St. Lucie County Sheriff Mascara's "Pumpkin Patrol" will be in residential neighborhoods Halloween night
On Halloween night, Wednesday, Oct. 31, St. Lucie County Sheriff's School Resource Deputies will patrol in residential neighborhoods, supplementing the normal contingent of zone patrol deputies, according to Sheriff Ken J. Mascara.
"The Pumpkin Patrol will provide a comforting presence for trick-or-treating children and their parents," Sheriff Mascara said. "They will help ensure a safe and happy Halloween night in St. Lucie County as they have done for many years."
Sheriff Mascara also offers these Halloween Safety Tips, endorsed by the National Center for Missing and Exploited Children:
- Make sure a trusted adult, an older child or a parent accompanies younger children. Discuss with your child who will accompany him or her, and make sure you are both comfortable with the choice.
- Accompany, or make sure a trusted adult accompanies your younger children to the door of every home they approach. Become familiar with each home your child visits and the people who are providing Halloween treats to your children.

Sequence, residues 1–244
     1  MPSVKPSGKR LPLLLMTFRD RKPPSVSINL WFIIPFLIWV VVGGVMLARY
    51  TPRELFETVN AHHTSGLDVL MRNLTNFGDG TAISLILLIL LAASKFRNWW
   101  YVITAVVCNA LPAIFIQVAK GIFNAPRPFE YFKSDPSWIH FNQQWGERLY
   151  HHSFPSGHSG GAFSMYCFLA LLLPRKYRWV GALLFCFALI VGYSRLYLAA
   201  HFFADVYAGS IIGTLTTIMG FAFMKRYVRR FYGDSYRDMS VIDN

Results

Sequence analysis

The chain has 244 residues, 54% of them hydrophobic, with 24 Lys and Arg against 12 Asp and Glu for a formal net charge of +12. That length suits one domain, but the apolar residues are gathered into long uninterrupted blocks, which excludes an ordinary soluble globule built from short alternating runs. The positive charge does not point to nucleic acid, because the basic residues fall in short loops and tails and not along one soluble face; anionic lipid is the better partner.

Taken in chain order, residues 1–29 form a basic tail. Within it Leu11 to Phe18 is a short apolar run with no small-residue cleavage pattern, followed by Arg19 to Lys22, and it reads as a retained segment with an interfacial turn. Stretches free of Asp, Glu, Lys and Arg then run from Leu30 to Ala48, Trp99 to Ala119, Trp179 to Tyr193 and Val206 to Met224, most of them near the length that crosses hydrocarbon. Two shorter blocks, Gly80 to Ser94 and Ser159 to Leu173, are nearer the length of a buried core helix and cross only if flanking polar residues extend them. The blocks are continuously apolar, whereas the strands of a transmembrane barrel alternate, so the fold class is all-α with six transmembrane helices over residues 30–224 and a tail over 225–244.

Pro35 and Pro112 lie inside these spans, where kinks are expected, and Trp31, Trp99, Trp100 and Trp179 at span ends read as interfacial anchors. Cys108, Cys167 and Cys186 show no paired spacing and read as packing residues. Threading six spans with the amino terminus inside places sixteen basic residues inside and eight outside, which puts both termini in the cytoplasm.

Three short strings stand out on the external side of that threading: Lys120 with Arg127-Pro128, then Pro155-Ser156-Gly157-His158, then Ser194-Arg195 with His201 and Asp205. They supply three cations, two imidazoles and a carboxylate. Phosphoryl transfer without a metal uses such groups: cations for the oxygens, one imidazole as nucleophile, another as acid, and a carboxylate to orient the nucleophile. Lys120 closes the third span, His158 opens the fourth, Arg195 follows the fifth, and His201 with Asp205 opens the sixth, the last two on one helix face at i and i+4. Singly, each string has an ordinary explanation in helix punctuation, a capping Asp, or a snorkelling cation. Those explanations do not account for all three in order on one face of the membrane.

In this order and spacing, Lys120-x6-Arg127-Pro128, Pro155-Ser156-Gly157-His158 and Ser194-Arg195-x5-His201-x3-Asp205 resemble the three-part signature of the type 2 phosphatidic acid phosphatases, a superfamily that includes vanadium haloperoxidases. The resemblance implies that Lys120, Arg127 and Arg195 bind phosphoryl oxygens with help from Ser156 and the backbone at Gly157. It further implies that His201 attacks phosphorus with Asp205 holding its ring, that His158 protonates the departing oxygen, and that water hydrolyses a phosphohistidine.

- Teach your children to only enter homes with your prior permission and only approach homes that are well lit both inside and outside.
- Teach your children to never approach a vehicle unless they are accompanied by you, even if it appears no one is inside the vehicle.
- Make sure your children wear reflective clothing and carry a flashlight or glow stick when traveling during the evening hours.
- Make sure your children are able to see and breathe properly and easily when using facial masks. All costumes and masks should be clearly marked as flame resistant.
- Teach your children to always stay in well lit areas, never take shortcuts and never go into isolated areas.
- Teach your children to stay alert for any suspicious incidents and report anything unusual to you, or law enforcement, or both.
- Teach your children if anyone tries to grab them to draw attention to themselves and loudly yell, "This person is trying to take me," or, "This person is not my father/mother." Instruct your children to make every effort to escape by walking, running, or pulling away, yelling, kicking, attracting attention or otherwise resisting.
- Consider organizing or attending parties at home, in schools, or in community centers as good alternatives to trick-or-treating.
More information is available at missingkids.com and 1-800-THE-LOST.
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